Thursday, August 10, 2006


DAY OF INFAMY 2001Big church publisher buys 9-11 Bush plotPresbyterian press to release book by conspiracist who blames attack on White House, not bin Laden
Posted: August 9, 20064:12 p.m. EasternEditor's note:
A recent Scripps Howard survey found one in three Americans believe the federal government was complicit in the Sept. 11 terror attacks. Taking on this issue head-on, next week, WND will introduce the September issue of its acclaimed monthly Whistleblower magazine – titled "9/11: 5 YEARS LATER, A TIME FOR TRUTH." Along with commemorating the worst domestic terror attack in U.S. history, this provocative and controversial edition will delve into the growing "9/11 truth movement" which holds that the Sept. 11 attacks were an "inside job," carried out with the blessing and/or participation of the Bush administration. You can be sure you won't miss this historic, landmark exploration of 9/11 by subscribing now.
© 2006
David Ray GriffinIt wasn't Osama bin Laden who orchestrated the 9-11 attacks, it was George W. Bush, according to a book to be published this month by the Presbyterian Church USA.
Called "Christian Faith and the Truth Behind 9/11: A Call to Reflection and Action," it is the third book on the conspiracy theory authored by David Ray Griffin, a professor emeritus of theology at Claremont School of Theology.
According to Christianity Today, Griffin argues in his new book that the Bush administration planned the events of Sept. 11, 2001, so they could provide justification for going to war with Afghanistan and Iraq.
"I became more convinced that if the truth about 9-11 was going to be exposed, the churches were probably going to have to be involved," Griffin told the magazine. "If we become convinced that the so-called war on terror is simply a pretext for enlarging the American empire, we have every reason as Christians to try and expose the truth behind 9/11."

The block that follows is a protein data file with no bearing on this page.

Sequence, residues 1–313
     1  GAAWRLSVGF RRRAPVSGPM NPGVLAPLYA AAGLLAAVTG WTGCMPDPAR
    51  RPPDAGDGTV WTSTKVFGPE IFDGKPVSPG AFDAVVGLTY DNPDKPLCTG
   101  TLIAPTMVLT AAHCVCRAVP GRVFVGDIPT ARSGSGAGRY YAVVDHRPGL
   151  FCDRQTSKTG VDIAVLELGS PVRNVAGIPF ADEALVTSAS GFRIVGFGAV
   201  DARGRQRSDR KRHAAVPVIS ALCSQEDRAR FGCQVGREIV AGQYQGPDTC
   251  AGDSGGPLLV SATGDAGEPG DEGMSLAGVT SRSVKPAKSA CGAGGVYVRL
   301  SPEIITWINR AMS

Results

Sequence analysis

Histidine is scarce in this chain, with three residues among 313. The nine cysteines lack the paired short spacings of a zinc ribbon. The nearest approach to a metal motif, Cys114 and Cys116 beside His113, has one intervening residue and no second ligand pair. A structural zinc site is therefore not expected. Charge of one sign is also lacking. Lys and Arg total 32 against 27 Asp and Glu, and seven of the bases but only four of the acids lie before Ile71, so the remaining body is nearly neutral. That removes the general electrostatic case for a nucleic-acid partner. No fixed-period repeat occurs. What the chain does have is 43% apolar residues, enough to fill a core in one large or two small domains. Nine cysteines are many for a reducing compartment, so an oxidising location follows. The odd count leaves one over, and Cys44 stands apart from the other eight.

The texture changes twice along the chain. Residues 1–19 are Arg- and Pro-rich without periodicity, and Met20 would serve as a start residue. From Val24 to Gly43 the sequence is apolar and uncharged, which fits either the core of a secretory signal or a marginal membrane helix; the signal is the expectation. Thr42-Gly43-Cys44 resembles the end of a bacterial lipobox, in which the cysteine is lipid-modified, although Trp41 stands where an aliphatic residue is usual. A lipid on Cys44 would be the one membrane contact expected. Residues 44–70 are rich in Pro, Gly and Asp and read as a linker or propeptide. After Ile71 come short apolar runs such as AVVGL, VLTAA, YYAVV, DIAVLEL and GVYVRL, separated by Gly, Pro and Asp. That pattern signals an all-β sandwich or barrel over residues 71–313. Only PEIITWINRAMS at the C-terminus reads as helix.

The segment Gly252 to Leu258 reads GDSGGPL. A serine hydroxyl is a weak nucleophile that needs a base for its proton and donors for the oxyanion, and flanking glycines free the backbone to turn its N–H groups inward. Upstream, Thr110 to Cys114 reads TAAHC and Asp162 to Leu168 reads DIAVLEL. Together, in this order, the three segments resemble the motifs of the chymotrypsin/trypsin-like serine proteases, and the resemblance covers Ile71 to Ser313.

Officials at the 160-year-old Westminster John Knox, the book imprint of the official Presbyterian Church publisher, said they decided to give Griffin a contract and promote his work because of the questions he raised in his previous books, "The New Pearl Harbor: Disturbing Questions About the Bush Administration and 9/11," and "The 9/11 Commission Report: Omissions And Distortions."
"We have a long tradition of being a publisher of somewhat progressive stances on theological and social issues, so it is not out of character for us to do this," Jack Keller, vice president of publishing at WJK, told Christianity Today. "Whether or not people were fully persuaded by the arguments, he was certainly raising some interesting issues."
WJK has published other theology books by Griffin since the 1970s.
Griffin has another book coming out this month called "9/11 and American Empire: Intellectuals Speaking Out." That one will be published by Olive Branch Press, the same company that published his first two books about Sept. 11.
In "Christian Faith and the Truth behind 9/11," Griffin calls the United States the world's "chief embodiment of demonic power" and says he initially scoffed at 9-11 conspiracy theories.
But after investigating he concluded that the Twin Towers were brought down by controlled demolition, military personnel were given stand-down orders not to intercept hijacked flights and the 9-11 Commission, ostensibly created to uncover the truth behind the events of 9-11, "simply ignored evidence" that the administration was involved in the attacks.
Not all Presbyterians are happy to see their church get behind the work of Griffin.
Jack Adams, editor of the conservative magazine Presbyterian Layman, says the decision by the official church publisher doesn't reflect the values of most members of the denomination.
"The majority of the members of the Presbyterian Church are members of the Republican Party," Adams told Agape Press. "Now, I'm not holding that up as a good example of what the church ought to be comprised of, but that's a fact," he says, "so I would assume that many in the Republican Party might be very supportive of the policies of George Bush."

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